The Nagorno-Karabakh conflict is the longest war in the South Caucasus, with alternating phases of relative peace and escalation, including not only the Artsakh–Azerbaijan border, but also the administrative district of the Republic of Armenia. The negotiations underway through the OSCE Minsk Group since 1994 have yielded no tangible benefits to the societies of the two countries: The ceasefire agreement, in fact, is the only legal act in the last 23 years aimed at resolving the conflict. This is a war that already three generations have inherited.
There’s a place in the world I dream about every morning, where every evening I regret not being there. There’s a place in the world where, as my seven-year-old daughter says, mommy’s grandma, who is quite old, lives. In that center of the world, the houses are so old and have suffered so many injuries from the war that they collapse into themselves, hunched, their shoulders touching the ground, and die. But even after dying, they fill the village with their presence — the dying/newborn village.
The members of the house have been silent since morning. No one is saying anything specific. It’s as though they’re all offended with each other; they don’t look in each other in the eye. The mother silently packs the suitcase. Only the twelve-year-old son can’t contain himself; he is constantly upset and gets everyone emotional. And again each one is in his own thoughts, asking himself, How did the moment to leave the country, the house arrive? The moment to get a visa and decide to seek asylum at some camp in some country? Because you have a child with a disability, and this is the only way out?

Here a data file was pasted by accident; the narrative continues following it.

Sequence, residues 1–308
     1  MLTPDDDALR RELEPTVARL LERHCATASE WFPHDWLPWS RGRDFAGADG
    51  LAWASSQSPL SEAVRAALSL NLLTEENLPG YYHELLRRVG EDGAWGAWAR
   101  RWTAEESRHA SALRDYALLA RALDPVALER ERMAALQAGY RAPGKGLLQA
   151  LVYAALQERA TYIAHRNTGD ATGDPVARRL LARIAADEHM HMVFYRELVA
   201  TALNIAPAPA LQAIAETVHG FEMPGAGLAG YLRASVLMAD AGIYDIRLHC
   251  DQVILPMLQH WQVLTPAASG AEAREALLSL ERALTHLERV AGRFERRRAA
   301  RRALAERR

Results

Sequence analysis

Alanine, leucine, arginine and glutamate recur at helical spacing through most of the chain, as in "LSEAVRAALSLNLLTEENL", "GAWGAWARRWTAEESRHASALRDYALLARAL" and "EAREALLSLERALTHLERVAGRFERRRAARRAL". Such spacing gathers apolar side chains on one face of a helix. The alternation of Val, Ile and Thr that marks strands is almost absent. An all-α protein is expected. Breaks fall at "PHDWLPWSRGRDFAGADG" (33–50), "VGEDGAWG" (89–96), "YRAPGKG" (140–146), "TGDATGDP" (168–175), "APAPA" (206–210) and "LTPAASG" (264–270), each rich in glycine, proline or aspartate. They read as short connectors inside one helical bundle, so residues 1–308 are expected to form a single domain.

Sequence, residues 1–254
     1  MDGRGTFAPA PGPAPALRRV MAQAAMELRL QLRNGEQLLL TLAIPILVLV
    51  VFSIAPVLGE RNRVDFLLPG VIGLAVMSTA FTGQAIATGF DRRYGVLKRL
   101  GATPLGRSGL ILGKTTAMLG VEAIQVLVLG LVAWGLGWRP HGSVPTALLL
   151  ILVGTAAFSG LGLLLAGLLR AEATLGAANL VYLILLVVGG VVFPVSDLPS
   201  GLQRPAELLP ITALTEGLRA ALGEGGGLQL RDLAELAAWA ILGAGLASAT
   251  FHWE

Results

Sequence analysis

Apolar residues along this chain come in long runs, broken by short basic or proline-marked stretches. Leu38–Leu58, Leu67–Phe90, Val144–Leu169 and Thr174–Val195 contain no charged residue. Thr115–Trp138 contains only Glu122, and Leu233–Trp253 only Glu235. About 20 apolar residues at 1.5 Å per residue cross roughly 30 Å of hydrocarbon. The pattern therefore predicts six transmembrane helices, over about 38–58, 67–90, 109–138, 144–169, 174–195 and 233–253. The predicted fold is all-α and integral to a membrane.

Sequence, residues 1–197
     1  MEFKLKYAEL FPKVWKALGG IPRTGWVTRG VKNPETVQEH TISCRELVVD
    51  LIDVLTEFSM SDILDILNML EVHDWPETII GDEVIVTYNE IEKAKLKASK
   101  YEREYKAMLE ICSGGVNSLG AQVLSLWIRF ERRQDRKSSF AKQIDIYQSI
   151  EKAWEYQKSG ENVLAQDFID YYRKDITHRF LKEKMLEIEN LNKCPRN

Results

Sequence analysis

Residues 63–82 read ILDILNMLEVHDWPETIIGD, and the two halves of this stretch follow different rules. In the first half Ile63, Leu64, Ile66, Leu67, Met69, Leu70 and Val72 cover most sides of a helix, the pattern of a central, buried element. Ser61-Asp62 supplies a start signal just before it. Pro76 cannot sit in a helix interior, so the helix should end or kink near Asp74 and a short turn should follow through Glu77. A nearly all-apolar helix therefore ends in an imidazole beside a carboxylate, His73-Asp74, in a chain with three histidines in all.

Founded in 2008, the Centaur Association of Hippotherapy and Equestrian Sports is located in the Ushi rural community of Aragatsotn marz (province), about 35 km from Yerevan. Centaur is the first and only center of its kind in Armenia, where 6 horses, 33 dogs, 4 cats, and a turtle live. All of the center’s animals were rescued from the street, negligent owners, or the slaughterhouse, and now live in a happy and safe environment.
When she got married she was still 18. The marriage was an escape from a difficult life. Her future husband had just returned Russia, from an outgoing work. Though he was much older than she, she thought she would get married, have children, she will struggle and live well.
Among residential houses, parks, and cemeteries is a triplex, multi-storey, giant Soviet structure: the National Center of Oncology named after V.A. Fanarjian.